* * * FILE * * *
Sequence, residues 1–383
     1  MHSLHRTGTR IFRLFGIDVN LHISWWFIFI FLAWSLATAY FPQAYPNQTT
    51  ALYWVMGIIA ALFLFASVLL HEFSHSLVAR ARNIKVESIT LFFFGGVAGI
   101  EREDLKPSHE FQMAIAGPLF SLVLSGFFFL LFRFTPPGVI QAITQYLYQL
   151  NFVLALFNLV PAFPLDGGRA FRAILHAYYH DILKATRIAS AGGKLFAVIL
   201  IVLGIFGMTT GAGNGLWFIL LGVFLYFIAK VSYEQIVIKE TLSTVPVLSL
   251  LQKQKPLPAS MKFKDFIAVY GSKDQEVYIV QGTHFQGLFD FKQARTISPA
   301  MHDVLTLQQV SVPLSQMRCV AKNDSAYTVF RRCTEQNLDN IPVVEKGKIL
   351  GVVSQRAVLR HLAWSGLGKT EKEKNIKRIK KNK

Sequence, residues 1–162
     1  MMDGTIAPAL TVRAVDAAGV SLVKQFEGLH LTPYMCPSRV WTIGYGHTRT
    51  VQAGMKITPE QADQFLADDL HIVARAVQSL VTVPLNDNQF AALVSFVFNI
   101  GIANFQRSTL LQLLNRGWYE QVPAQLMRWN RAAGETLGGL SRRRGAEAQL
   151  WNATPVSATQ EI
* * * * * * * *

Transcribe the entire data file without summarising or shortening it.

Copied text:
Sequence, residues 1–383
     1  MHSLHRTGTR IFRLFGIDVN LHISWWFIFI FLAWSLATAY FPQAYPNQTT
    51  ALYWVMGIIA ALFLFASVLL HEFSHSLVAR ARNIKVESIT LFFFGGVAGI
   101  EREDLKPSHE FQMAIAGPLF SLVLSGFFFL LFRFTPPGVI QAITQYLYQL
   151  NFVLALFNLV PAFPLDGGRA FRAILHAYYH DILKATRIAS AGGKLFAVIL
   201  IVLGIFGMTT GAGNGLWFIL LGVFLYFIAK VSYEQIVIKE TLSTVPVLSL
   251  LQKQKPLPAS MKFKDFIAVY GSKDQEVYIV QGTHFQGLFD FKQARTISPA
   301  MHDVLTLQQV SVPLSQMRCV AKNDSAYTVF RRCTEQNLDN IPVVEKGKIL
   351  GVVSQRAVLR HLAWSGLGKT EKEKNIKRIK KNK

Sequence, residues 1–162
     1  MMDGTIAPAL TVRAVDAAGV SLVKQFEGLH LTPYMCPSRV WTIGYGHTRT
    51  VQAGMKITPE QADQFLADDL HIVARAVQSL VTVPLNDNQF AALVSFVFNI
   101  GIANFQRSTL LQLLNRGWYE QVPAQLMRWN RAAGETLGGL SRRRGAEAQL
   151  WNATPVSATQ EI